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Granted transfers include hearsay case

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The Indiana Supreme Court has granted two transfers, including a case involving whether a warrant based on hearsay was supported by probable cause or fell under the good faith exception.

In George Jackson v. State of Indiana, No. 48A02-0711-CR-988, the Indiana Court of Appeals reversed George Jackson's conviction of unlawful possession of a firearm by a serious violent felon. The court found the affidavit used to grant the search warrant of Jackson's home wasn't supported by information that established the credibility of the informant or contained information that established the totality of the circumstances corroborates the hearsay.

Chief Judge John Baker dissented, writing the search warrant was supported by probable cause. Even though the detective's sworn testimony that led to the search warrant was based on hearsay, his testimony was sufficient to support issuing the search warrant, wrote the chief judge. Even if probable cause didn't exist, Chief Judge Baker believed the good faith exception applies.

In Scottie R. Adams v. State of Indiana, No. 71A03-0711-CR-526, Scottie Adams' convictions of voluntary manslaughter, carrying a handgun without a license, and the finding he is a habitual offender were affirmed by the appellate court. Because the evidence showed Adams may have acted under sudden heat when he shot the victim, the trial court properly instructed the jury on the offense of voluntary manslaughter. The Indiana Court of Appeals also concluded Adams failed to show that a witness' refusal to testify because he felt threatened had a prejudicial impact on the jury to the extent a mistrial was warranted.

Judge Patricia Riley dissented, finding the trial court should have granted Adams' motion for a mistral because the jury wasn't presented with evidence showing Adams was somehow responsible for causing the witness to fear testifying or establishing Adams wasn't connected to the witness' fears. Judge Riley wrote she would reverse Adams' convictions and habitual offender finding and allow the state to retry him.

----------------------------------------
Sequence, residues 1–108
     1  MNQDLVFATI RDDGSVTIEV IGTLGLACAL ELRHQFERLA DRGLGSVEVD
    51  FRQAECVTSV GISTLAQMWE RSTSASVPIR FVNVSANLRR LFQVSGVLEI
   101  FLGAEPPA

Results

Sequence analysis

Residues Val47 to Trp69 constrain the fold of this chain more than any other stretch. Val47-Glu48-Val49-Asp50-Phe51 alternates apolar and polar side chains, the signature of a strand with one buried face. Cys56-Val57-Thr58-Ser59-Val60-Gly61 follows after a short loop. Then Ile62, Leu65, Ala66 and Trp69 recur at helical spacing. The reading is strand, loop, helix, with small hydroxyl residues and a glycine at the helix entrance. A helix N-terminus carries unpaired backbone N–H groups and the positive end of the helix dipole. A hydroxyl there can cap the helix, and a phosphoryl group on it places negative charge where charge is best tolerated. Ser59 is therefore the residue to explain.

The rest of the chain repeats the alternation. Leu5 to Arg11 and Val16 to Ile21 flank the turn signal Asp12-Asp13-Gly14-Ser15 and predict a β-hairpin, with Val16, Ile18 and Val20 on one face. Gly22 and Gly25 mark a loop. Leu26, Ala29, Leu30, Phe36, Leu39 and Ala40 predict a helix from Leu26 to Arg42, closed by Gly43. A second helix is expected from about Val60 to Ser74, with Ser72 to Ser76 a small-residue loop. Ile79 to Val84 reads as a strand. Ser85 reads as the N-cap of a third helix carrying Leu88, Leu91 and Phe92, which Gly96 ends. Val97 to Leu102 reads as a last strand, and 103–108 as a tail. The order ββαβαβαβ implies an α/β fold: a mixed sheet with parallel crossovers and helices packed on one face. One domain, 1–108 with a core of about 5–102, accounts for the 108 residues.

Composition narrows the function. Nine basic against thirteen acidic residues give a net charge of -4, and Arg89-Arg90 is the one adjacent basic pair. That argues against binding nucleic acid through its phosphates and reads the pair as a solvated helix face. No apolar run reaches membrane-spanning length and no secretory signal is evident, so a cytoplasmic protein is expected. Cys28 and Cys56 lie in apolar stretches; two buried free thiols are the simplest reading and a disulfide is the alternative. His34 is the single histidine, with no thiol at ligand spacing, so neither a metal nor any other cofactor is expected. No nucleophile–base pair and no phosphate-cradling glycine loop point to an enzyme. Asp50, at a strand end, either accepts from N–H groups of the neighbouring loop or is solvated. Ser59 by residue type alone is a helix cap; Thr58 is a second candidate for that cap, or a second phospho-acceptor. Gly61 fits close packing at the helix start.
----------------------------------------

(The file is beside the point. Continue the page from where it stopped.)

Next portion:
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  1. A traditional parade of attorneys? Really Evansville? Y'all need to get out more. When is the traditional parade of notaries? Nurses? Sanitation workers? Pole dancers? I gotta wonder, do throngs of admiring citizens gather to laud these marching servants of the constitution? "Show us your billing records!!!" Hoping some video gets posted. Ours is not a narcissistic profession by any chance, is it? Nah .....

  2. My previous comment not an aside at court. I agree with smith. Good call. Just thought posting here a bit on the if it bleeds it leads side. Most attorneys need to think of last lines of story above.

  3. Hello everyone I'm Gina and I'm here for the exact same thing you are. I have the wonderful joy of waking up every morning to my heart being pulled out and sheer terror of what DCS is going to Throw at me and my family today.Let me start from the !bebeginning.My daughter lost all rights to her 3beautiful children due to Severe mental issues she no longer lives in our state and has cut all ties.DCS led her to belive that once she done signed over her right the babies would be with their family. We have faught screamed begged and anything else we could possibly due I hired a lawyer five grand down the drain.You know all I want is my babies home.I've done everything they have even asked me to do.Now their saying I can't see my grandchildren cause I'M on a prescription for paipain.I have a very rare blood disease it causes cellulitis a form of blood poisoning to stay dormant in my tissues and nervous system it also causes a ,blood clotting disorder.even with the two blood thinners I'm on I still Continue to develop them them also.DCS knows about my illness and still they refuse to let me see my grandchildren. I Love and miss them so much Please can anyone help Us my grandchildren and I they should be worrying about what toy there going to play with but instead there worrying about if there ever coming home again.THANK YOU DCS FOR ALL YOU'VE DONE. ( And if anyone at all has any ideals or knows who can help. Please contact (765)960~5096.only serious callers

  4. He must be a Rethuglican, for if from the other side of the aisle such acts would be merely personal and thus not something that attaches to his professional life. AND ... gotta love this ... oh, and on top of talking dirty on the phone, he also, as an aside, guess we should mention, might be important, not sure, but .... "In addition to these allegations, Keaton was accused of failing to file an appeal after he collected advance payment from a client seeking to challenge a ruling that the client repay benefits because of unreported income." rimshot

  5. I am not a fan of some of the 8.4 discipline we have seen for private conduct-- but this was so egregious and abusive and had so many points of bad conduct relates to the law and the lawyer's status as a lawyer that it is clearly a proper and just disbarment. A truly despicable account of bad acts showing unfit character to practice law. I applaud the outcome.

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